All hospital visitors are recommended to wear a medical face mask. Expand this message for information about visiting hospital.

Last updated:
13 March 2023

Some visitor restrictions for all Te Whatu Ora Waitaha Canterbury hospitals and health facilities remain in place, but we have relaxed others.

There is still a heightened risk to vulnerable people in hospital and so we recommend all people wear a mask when visiting any of our facilities and follow other advice designed to keep patients, staff and  visitors safe.

To keep everybody safe:

  • Visitors or support people must not visit our facilities if they are unwell. Do not visit if you have recently tested positive for COVID-19 and haven’t completed your isolation period.
  • Patients may have more than one visitor, except in some situations such as multi-bed rooms where it can cause overcrowding.
  • Surgical/medical masks are recommended to be worn at all sites. Masks will be provided if you don’t have one.
  • For Specialist Mental Health Services everyone is strongly encouraged to wear a face mask in all inpatient areas and areas where consumers are receiving care (i.e. community appointments, home-visits, transporting people). Discretion may be applied in cases where masks impair your ability to communicate effectively.
  • Visitors must not eat or drink in multibed rooms because of the increased risk when multiple people remove their face mask in the same space.
  • Hand sanitiser is available and must be used.

Thank you in advance for your patience and understanding as our staff work hard to protect and care for some of the most vulnerable in our community.

Visiting patients with COVID-19

  • People can visit patients who have COVID-19 but they must wear an N95 mask – this will be provided if you don’t have one.
  • Other methods of communication will be facilitated e.g. phone, Facetime, Zoom, WhatsApp etc where visits aren’t possible.

All of our Hospitals

Visiting hours for our hospitals have returned to pre COVID-19 hours with the exception of Christchurch Women’s Hospital.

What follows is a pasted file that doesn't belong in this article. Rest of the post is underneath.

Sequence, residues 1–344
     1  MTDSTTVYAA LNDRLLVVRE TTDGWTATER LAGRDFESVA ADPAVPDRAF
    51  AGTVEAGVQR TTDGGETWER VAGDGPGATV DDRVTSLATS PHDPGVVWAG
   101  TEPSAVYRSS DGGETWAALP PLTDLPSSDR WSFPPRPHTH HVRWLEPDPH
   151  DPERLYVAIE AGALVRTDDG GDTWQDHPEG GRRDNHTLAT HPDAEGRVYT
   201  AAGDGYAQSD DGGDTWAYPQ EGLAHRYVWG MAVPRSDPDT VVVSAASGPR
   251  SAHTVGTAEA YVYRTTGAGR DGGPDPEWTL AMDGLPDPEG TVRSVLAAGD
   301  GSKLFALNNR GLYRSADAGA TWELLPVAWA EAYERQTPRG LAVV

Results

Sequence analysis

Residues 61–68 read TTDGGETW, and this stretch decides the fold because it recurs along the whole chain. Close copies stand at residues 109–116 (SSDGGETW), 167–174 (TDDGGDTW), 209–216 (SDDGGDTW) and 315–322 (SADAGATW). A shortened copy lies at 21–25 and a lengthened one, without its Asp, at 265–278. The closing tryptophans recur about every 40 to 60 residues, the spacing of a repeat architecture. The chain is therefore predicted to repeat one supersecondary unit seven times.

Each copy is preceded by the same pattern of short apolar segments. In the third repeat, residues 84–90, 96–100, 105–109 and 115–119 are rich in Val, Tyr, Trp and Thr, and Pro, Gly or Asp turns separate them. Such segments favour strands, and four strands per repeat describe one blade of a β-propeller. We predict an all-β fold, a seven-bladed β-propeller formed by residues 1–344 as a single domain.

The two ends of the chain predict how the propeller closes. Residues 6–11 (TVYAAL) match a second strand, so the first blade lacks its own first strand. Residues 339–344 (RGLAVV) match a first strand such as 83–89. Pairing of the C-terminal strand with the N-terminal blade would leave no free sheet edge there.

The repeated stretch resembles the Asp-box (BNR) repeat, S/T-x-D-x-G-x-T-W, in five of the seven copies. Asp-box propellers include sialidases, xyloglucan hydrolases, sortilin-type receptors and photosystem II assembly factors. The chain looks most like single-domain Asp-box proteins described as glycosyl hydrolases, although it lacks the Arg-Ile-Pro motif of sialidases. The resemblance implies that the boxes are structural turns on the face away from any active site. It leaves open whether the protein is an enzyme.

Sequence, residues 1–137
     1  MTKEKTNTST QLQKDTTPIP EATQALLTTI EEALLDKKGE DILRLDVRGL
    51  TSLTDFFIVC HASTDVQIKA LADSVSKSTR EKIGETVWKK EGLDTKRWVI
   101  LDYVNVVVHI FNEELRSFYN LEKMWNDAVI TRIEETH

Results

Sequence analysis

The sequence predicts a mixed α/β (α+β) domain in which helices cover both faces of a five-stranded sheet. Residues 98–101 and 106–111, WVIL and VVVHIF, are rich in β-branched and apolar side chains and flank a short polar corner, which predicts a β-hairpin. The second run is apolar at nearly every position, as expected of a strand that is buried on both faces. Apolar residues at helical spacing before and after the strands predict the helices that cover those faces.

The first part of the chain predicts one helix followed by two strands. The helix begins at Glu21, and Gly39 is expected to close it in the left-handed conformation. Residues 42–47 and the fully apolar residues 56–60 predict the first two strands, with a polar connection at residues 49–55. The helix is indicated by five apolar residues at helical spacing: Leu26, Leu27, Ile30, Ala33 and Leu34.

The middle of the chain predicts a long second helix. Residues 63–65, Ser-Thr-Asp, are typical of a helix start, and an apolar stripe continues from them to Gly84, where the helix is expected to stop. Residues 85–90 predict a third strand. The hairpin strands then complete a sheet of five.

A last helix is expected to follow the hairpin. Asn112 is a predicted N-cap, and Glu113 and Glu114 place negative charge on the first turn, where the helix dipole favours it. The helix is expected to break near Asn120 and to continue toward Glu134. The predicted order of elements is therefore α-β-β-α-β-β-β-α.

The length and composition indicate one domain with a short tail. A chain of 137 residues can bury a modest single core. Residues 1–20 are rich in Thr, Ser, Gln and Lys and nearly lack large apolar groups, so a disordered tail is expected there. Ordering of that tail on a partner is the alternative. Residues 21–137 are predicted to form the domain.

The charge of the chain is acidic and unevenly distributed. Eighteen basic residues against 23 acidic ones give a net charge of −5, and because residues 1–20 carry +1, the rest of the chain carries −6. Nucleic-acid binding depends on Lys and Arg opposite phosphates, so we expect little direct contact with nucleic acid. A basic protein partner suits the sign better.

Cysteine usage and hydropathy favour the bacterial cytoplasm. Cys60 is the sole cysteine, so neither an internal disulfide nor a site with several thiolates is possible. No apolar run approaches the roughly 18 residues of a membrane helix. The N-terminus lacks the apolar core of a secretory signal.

All visitors are recommended to wear a medical face mask.

Parents/caregivers are able to be with their child in hospital and visitors are now allowed, except for the Children’s Haematology and Oncology Day stay where just one parent/caregiver is able to attend their appointment with their child. Exceptions by special arrangement only.

Patients and visitors should also read the additional more detailed visiting guidelines for each specific hospital.

More COVID-19 information

Get help paying for residential care: Here’s how

People who require long-term supported accommodation due to an illness or a disability may be entitled to a subsidy.

The Ministry of Health has information on the Residential Care Subsidy, the Residential Support Subsidy, or the Top-Up Subsidy.

Residential Care Subsidy

This is available for people whose disabilities are age-related. It helps pay for long-term age-related care. People who are not financially eligible for the subsidy may be able to get a Residential Care Loan.

Top-Up Subsidy

If a person in age-related care has been declined or chooses not to apply for the Residential Care Subsidy, they will have to pay either the cost of contracted care services or the maximum contribution set by the facility’s territorial local authority. The Top-Up Subsidy will pay the more expensive of the two.

Residential Support Subsidy

This subsidy is for people with disabilities that are not age-related to help pay for support care.

Page last updated: 27 November 2018

Is this page useful?